Much of this piece, which was intended to be about journalism, is instead about money. Perhaps that’s the ultimate message, as journalists everywhere are discovering. As journalists, we’re nothing if we don’t tell the truth, backed up by solid reporting. But unless someone, somewhere, is bringing money to the table, our political insights or critical acumen or familiarity with the machinations of city hall are mere dinner party—or Facebook—fodder. Without the money, we don’t have jobs. And “citizen journalism” notwithstanding, without journalism jobs, we don’t have journalism.
Skilled Healthcare Group Inc. asked a California judge to declare a mistrial or order a new trial over a jury’s $677 million damages award for claims the company improperly staffed its nursing homes.
Moody’s Investors Service Inc., Standard & Poor’s and Fitch Ratings asked a judge today to dismiss a lawsuit filed by two California investors who claim the companies gave inflated ratings to inferior bonds. The companies named the bonds “investment grade” to achieve more sales of their rating services and didn’t downgrade the bonds until Lehman filed for bankruptcy in 2008, plaintiff Ronald Grassi said.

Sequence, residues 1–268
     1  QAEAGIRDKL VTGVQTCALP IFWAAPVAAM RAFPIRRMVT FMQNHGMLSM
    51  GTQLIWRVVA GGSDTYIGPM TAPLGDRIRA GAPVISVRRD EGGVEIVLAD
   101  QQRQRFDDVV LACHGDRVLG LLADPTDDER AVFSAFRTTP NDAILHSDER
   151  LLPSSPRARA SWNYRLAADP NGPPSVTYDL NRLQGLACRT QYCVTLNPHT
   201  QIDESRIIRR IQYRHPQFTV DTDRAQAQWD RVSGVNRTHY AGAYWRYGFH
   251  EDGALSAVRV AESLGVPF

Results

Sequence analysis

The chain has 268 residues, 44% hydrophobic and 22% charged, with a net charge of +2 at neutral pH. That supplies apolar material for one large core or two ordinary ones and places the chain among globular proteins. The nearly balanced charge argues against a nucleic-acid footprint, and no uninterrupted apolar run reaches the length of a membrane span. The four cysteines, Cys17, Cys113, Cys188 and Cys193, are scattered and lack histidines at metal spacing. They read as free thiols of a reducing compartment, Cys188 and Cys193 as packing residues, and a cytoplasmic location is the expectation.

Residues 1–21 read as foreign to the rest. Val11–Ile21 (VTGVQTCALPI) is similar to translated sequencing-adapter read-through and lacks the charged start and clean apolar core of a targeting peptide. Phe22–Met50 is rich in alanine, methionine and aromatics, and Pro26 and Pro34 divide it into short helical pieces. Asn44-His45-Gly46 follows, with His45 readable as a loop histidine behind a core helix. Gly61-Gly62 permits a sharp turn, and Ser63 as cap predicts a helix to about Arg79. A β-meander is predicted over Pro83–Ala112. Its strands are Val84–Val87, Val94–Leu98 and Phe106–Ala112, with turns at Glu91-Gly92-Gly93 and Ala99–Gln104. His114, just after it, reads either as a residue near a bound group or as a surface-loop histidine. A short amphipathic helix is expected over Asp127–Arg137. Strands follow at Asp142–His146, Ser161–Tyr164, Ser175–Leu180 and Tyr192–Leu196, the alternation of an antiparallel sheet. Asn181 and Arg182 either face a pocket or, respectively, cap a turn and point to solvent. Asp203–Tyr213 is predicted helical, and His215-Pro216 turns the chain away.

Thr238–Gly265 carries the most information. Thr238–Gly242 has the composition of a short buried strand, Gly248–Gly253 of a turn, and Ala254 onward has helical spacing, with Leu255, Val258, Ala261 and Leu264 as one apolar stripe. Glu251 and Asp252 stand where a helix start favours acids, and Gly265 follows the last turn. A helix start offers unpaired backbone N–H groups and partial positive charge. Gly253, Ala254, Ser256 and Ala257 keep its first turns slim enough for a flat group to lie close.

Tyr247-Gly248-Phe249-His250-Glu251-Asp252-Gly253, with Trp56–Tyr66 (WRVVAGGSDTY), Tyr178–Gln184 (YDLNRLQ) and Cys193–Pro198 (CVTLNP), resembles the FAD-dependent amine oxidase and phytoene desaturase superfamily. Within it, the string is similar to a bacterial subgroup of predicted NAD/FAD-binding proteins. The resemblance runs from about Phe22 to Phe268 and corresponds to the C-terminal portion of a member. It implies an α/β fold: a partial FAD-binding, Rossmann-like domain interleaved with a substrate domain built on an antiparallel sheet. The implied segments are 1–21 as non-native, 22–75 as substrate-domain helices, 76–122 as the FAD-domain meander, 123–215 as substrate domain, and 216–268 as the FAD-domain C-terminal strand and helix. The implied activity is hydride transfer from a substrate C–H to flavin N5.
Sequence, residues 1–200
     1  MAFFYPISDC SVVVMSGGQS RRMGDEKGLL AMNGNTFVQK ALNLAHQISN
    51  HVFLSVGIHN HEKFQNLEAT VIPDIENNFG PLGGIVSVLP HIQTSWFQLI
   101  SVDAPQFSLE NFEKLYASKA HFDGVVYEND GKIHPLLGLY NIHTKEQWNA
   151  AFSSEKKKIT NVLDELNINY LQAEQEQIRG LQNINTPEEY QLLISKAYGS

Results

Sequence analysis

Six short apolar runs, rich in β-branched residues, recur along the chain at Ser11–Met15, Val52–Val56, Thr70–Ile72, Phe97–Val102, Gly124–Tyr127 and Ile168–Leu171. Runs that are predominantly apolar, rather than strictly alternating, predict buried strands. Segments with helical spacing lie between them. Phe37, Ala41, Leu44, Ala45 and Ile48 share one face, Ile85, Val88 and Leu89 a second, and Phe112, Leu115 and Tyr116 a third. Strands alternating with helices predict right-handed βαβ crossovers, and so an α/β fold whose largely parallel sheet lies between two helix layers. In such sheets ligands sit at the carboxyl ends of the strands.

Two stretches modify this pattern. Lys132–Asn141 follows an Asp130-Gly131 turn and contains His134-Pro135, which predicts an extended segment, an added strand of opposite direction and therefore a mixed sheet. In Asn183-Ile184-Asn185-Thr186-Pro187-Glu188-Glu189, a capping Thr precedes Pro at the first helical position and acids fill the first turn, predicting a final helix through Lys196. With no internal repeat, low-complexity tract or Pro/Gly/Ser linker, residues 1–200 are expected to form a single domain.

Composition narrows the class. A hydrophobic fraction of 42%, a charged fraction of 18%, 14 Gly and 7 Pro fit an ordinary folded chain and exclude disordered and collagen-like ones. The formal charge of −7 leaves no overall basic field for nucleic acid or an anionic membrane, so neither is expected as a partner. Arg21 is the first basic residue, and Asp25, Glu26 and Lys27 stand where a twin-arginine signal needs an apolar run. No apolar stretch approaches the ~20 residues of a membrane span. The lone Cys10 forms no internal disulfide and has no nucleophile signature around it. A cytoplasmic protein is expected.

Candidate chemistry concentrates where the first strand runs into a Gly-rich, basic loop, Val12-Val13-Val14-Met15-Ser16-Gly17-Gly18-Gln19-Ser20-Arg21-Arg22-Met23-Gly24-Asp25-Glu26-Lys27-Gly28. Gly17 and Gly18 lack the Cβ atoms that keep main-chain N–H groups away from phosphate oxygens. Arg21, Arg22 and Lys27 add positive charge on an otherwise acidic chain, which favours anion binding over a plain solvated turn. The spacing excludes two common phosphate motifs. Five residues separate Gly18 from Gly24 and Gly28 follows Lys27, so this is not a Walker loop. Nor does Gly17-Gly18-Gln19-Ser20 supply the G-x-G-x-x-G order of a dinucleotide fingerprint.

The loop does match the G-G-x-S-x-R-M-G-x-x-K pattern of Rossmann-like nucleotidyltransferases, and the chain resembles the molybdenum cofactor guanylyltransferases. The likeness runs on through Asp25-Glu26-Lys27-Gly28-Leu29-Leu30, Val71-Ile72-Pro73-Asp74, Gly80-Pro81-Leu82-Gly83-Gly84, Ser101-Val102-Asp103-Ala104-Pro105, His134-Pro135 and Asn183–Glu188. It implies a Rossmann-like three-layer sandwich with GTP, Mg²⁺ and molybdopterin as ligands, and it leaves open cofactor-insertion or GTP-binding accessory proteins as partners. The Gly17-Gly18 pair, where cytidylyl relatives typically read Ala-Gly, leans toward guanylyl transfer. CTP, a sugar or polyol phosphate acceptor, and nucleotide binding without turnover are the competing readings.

Standard & Poor’s, Moody’s Investors Service and Fitch Ratings sought dismissal of a lawsuit by two
California investors, claiming they weren’t responsible for the plaintiffs’ investment decisions.
Christopher Warren, a Californian who fled to Ireland and Lebanon, was arrested in connection with a $100 million Ponzi scheme involving mortgage fraud, U.S. prosecutors said.
Backers of California’s gay marriage ban lost a bid to keep some of their donors’ names secret after a judge said campaign-finance disclosure laws outweigh concerns that supporters may be harassed.
A New Jersey broker of processed tomato products agreed to plead guilty to price-fixing and racketeering charges and pay $600,000 for making kickbacks to customers and inflating prices, prosecutors said.
The realization that Tower, which was born in Sacramento and grew to include stores all over the world, is not indestructible has prompted many to reflect on the pivotal role Tower Records has played in area culture – and in pop culture in general. In the ’60s, ’70s and ’80s in particular, Tower defined cool in Sacramento – though some may have seen it as arrogance – and it provided a unique common ground for people of varied tastes and interests. No one is more surprised at Tower’s impact than the man who founded it – Russ Solomon.